Welcome to the Tough Cookies series where we interview and celebrate the strong and determined individuals who are making waves in the tech industry.
Starting his career as a journalist and editor with a primary focus on small businesses and startups, Chris went on to found Box 2 Media with the flagship brand The Pitch. He is known for his involvement and support for startups, whether that’s through mentoring or taking companies through a pitching boot camp across the country.
A pioneer and cheerleader for small businesses, we couldn’t wait to ask a few questions…
So tell me a bit about Box 2 Media and The Pitch – what do these brands do and how did they come about?
Box 2 Media is a B2B content agency that specialises in creating content aimed at small business owners. We work with partners like Microsoft, Crowdcube and Greenwich University to help them build their audiences.
We’ve been lucky enough to interview hundreds of entrepreneurs and we’re a small business ourselves, so we know the challenges inside out. Having that background means we can create content that inspires action – it’s not just about driving traffic.
We also run a startup competition called The Pitch. We’ve had everyone from the founders of startups like EatFirst and Resolver to Fitness First and Starling Bank take part.
You started your career as a journalist and editor writing about startups – what brought about this interest?
I’ve always been fascinated by business and economics. I started writing about large, listed companies about a decade ago. It got frustrating because it became a game of access. The stories were handed out, everyone was really careful about what they say.
Small businesses employ the vast majority of people but were largely ignored at the time. The opportunity was to be able to share the human side of starting and running a business. The grit and determination and the beauty of the struggle before the corporate mindset takes hold.
You are also a mentor for the Princes Trust! What are the biggest struggles your mentees have?
There’s a lot of nuts and bolts stuff about starting a business, primarily sales, finance and marketing.
The biggest thing with young founders is self-belief. Backing themselves to start turning an idea they love into a business. Money’s a big factor. They often won’t charge what they’re worth or be afraid to ask for money at all.
I think most founders struggle with self-doubt at times, it’s something I’ve spoken to my mentor about.
What makes a good mentor?
Be honest and open and not too prescriptive – it’s about helping them find answers.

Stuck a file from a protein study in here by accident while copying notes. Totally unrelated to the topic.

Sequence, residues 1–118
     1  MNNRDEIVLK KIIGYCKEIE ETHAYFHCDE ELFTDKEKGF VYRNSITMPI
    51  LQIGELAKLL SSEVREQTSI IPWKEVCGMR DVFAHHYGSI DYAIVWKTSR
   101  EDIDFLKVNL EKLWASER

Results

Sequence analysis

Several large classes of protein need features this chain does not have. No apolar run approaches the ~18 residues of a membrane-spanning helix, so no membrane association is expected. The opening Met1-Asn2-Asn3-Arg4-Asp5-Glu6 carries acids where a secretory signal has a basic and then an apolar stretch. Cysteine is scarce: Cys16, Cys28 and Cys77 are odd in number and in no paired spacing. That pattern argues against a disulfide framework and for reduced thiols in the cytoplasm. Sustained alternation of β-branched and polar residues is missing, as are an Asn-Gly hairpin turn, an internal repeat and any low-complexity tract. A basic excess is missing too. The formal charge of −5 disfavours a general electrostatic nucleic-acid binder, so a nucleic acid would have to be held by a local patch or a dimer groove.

There are broad pieces of advice that are useful but very quickly you’re going to have to be able to relate to what people are going through. That normally means you’ve been through it in the last two to five years.
If you run a business, you should always be mentoring people that are a stage or two behind you and getting help from people that are at the next stage.
What are your top tips for entrepreneurs to find a mentor?
It doesn’t need to be someone that’s far ahead in business or well known. They are difficult to reach and have probably forgotten what the nitty-gritty you need to talk about is like.
Look for someone that is a stage or two ahead of you, likely with a similar type of business. Keep them updated on how you implement their advice. Respect their diaries. Know that the advice you need will evolve as your business does, so there’s no set length for these relationships.
Finally, always go in offering some value if you can and start with a small ask.
What has been your career highlight?
I broke a story about national minimum wage abuse that snowballed into legislative change. Niche, but it’s nice to make a difference on the business pages.
It was lovely to see my grandma’s copy of Recruiter, the first publication I wrote for full-time, on her tea trolley, so she could show people when they came over.
And what has been the lowest point in your career and how did you overcome it?
There’s nothing that’s been truly horrible. Running a business does push you through a series of highs and lows. The most difficult period was probably my business partner leaving the company but it worked out in the end.
Finally, what is your favourite flavoured cookie?
Double chocolate chip. Take the best thing and double down.